It’s been at least a year since I have not focused on LHR training. Life happens, other activities seemed more fun and interesting to do, or life gets really busy overall. What I realized recently is that have I remained consistent on my LHR training, no matter what sport I do, I will be performing better than how I am performing now. I can say that even though I am involved in multiple sports, I find myself as out of shape or not in performance condition because of the effort that I have to put into each and every performance. When my heart rate increases significantly while on Zone 3, I know I am not being efficient when it comes to energy expenditure during a physical activity.
When we speak of LHR training, Maffetone Method comes up. One of the primary objectives of the Maffetone Method is to “train slow to get fast”. I will not do a lengthy discussion of the Maffetone Method, but you can read it from here, WANT SPEED? SLOW DOWN! : https://philmaffetone.com/want-speed-slow-down/
- Build a great aerobic base - foundation of good endurance
- Heart monitor can help significantly in tracking your progress during LHR training
- 3-6 months (or longer) to build a great aerobic base using the LHR training and before benefits can reach a normal plaeteau
- Not adding anaeorobic work to the plan before one reaches the plateu
- Use the 180 Formula to determine your Maximum Aerobic Heart Rate NOTE: This is different than Maximum Heart Rate or the highest limit of what one’s cardiovascular system can handle during physical activity
- Modification of your MAHR based on physical fitness categories provided by Maffetone
- Avoid excess mental, physical, chemical stress and increased release of cortisol (stress hormone)
- Monthly self-assessment during LHR training using HR monitor and 180 formula as references and guides of your progress
- Train slow, go low, get fast!
- It can be a frustrating process most especially for people wanting to get faster
With any training method, one must be flexible and mindful of one's physical fitness and performance goals when building a training plan. No training method is a be-all-end-all. Training plans must be personalized and tailored to fit a person and / or athlete's needs and goals.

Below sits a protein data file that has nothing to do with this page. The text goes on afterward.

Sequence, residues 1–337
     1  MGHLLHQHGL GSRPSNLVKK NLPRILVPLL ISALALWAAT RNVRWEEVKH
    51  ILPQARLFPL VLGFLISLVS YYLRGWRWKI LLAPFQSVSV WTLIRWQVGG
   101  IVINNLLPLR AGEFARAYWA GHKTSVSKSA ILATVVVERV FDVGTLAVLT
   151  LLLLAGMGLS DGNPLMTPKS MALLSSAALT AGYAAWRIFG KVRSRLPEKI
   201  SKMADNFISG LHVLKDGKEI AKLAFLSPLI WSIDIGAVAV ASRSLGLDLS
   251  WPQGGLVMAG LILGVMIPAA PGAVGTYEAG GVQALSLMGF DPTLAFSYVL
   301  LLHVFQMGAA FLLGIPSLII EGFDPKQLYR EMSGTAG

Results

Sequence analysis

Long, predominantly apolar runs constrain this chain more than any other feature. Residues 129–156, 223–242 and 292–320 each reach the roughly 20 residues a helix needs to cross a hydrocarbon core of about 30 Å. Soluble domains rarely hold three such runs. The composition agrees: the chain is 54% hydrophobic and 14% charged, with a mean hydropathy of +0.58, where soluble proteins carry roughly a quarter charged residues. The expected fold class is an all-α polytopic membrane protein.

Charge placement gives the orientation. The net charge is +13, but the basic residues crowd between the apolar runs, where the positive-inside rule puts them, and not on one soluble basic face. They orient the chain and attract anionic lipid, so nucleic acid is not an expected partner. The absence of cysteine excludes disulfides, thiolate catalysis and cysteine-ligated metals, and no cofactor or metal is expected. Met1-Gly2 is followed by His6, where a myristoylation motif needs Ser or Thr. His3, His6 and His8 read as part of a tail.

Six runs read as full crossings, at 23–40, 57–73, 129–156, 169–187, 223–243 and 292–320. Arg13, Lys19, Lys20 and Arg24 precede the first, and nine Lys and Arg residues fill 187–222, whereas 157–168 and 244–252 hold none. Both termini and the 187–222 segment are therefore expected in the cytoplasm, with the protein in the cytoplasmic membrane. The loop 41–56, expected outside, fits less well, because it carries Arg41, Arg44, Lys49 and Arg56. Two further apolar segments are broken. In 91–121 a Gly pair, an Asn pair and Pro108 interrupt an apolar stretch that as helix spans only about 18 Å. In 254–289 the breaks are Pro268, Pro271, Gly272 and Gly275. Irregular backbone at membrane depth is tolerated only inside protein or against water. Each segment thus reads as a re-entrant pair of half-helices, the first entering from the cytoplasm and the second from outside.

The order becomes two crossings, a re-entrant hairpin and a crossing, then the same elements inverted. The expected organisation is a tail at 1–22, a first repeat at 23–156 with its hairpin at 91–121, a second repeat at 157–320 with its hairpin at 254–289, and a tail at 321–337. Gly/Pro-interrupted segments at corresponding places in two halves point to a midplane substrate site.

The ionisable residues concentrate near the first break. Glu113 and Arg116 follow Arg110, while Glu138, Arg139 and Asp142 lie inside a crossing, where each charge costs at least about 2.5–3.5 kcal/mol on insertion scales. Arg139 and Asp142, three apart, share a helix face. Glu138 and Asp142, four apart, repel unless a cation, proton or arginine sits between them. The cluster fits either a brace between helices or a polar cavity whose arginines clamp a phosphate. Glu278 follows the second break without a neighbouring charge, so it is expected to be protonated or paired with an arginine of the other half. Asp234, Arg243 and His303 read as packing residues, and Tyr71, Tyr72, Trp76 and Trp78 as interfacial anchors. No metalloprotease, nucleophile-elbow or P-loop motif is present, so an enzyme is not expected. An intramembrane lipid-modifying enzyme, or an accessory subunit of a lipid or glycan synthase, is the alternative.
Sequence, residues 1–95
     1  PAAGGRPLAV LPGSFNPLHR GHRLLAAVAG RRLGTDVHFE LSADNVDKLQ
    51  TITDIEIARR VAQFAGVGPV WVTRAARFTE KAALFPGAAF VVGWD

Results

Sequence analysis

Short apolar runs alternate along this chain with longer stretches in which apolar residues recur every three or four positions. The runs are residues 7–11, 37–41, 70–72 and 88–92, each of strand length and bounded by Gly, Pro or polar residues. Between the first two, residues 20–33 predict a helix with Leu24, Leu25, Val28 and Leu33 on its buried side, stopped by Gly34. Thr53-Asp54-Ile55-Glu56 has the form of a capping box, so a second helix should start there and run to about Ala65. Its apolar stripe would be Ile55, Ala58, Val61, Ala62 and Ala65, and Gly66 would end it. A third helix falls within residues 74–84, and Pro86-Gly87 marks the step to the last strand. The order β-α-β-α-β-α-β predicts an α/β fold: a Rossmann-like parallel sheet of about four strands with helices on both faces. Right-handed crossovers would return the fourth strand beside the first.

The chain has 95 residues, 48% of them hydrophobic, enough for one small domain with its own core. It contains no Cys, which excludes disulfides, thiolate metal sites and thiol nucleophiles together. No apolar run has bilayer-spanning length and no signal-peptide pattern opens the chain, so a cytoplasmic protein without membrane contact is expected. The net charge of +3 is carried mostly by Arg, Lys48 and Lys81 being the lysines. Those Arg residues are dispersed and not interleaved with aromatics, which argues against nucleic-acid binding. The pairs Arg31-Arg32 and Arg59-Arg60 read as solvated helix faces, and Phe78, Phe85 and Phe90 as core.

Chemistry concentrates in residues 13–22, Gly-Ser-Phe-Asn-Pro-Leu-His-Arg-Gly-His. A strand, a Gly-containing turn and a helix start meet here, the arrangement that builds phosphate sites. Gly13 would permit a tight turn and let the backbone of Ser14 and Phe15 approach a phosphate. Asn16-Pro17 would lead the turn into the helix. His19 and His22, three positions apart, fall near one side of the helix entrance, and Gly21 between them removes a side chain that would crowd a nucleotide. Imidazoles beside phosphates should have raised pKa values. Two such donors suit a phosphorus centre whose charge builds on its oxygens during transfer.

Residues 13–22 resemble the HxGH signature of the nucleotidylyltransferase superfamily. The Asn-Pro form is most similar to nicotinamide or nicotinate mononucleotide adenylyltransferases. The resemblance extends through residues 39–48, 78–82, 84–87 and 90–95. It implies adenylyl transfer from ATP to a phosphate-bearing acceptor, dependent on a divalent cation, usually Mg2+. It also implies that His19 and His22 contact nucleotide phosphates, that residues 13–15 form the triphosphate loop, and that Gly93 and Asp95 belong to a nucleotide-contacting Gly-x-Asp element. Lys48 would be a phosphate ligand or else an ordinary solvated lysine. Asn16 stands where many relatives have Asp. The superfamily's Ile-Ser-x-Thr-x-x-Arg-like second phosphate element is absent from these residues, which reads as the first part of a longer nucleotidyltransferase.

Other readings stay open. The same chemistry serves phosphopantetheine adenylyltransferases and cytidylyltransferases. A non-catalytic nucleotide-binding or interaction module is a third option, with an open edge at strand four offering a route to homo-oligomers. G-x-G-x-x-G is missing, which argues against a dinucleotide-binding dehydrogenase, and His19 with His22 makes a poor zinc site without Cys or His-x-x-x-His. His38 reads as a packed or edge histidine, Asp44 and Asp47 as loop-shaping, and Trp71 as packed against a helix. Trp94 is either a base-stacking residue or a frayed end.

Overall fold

For example, my weekly training would look like this:
- 2 days of training within Zone 2 and/or 3 with strength training and conditioning
- 1 day of training within Zone 4, 5, or 6
- 1 day of Zone 1 (active recovery)
- 1 day of Rest
- Zone 1: Active Recovery
- Zone 2: Endurance
- Zone 3: Tempo
- Zone 4: Lactate Threshold
- Zone 5: Super Threshold
- Zone 6: Maximal
This is important for me: A week before my performance day (race, etc.) I stay between Zone 2-3 and only do an activity within Zone 1 or active recovery 2 days prior performance day.
Notice that part of my week includes anaerobic work involving mental, physical, chemical stress. This is outside the Maffetone Method. It is important for our bodies to develop and adapt to anaerobic thresholds so we can perform when we need to perform. The key here is neuromuscular adaptation.
Myonuclei acquired by overload exercise precede hypertrophy and are not lost on detraining
Human Skeletal Muscle Possesses an Epigenetic Memory of Hypertrophy
How to play like a pro: The neuroscience of muscle memory
For my upcoming duathlon at the end of this month, I know that I am not even close to peformance condition. After all, I have not been training for it and have been very inconsistent with my training plan and load. However, I know that the experience would allow me to determine areas to work on as well as how I should be building my future training plan and load while preparing for interruptions (such as holidays, work, personal commitments, etc).
I am not advertising for Dr. Phil Maffetone's program(s) but it is something worth looking into and sharing.
Additional read: https://strengthrunning.com/2015/02/maffetone-method-and-base-training/
Rest like an Athlete